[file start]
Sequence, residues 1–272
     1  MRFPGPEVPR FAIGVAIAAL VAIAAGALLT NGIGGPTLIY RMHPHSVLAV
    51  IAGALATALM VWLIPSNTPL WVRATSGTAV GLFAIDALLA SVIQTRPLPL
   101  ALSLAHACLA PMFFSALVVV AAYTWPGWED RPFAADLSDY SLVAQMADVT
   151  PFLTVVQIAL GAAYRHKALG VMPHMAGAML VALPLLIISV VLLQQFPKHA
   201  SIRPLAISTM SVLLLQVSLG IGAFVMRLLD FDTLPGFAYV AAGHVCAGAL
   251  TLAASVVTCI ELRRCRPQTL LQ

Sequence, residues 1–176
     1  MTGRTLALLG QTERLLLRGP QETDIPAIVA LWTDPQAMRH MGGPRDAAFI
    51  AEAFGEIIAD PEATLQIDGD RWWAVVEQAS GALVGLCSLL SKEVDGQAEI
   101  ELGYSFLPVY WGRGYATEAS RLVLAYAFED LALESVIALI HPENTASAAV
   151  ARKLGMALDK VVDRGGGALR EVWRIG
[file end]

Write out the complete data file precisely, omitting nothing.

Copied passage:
Sequence, residues 1–272
     1  MRFPGPEVPR FAIGVAIAAL VAIAAGALLT NGIGGPTLIY RMHPHSVLAV
    51  IAGALATALM VWLIPSNTPL WVRATSGTAV GLFAIDALLA SVIQTRPLPL
   101  ALSLAHACLA PMFFSALVVV AAYTWPGWED RPFAADLSDY SLVAQMADVT
   151  PFLTVVQIAL GAAYRHKALG VMPHMAGAML VALPLLIISV VLLQQFPKHA
   201  SIRPLAISTM SVLLLQVSLG IGAFVMRLLD FDTLPGFAYV AAGHVCAGAL
   251  TLAASVVTCI ELRRCRPQTL LQ

Sequence, residues 1–176
     1  MTGRTLALLG QTERLLLRGP QETDIPAIVA LWTDPQAMRH MGGPRDAAFI
    51  AEAFGEIIAD PEATLQIDGD RWWAVVEQAS GALVGLCSLL SKEVDGQAEI
   101  ELGYSFLPVY WGRGYATEAS RLVLAYAFED LALESVIALI HPENTASAAV
   151  ARKLGMALDK VVDRGGGALR EVWRIG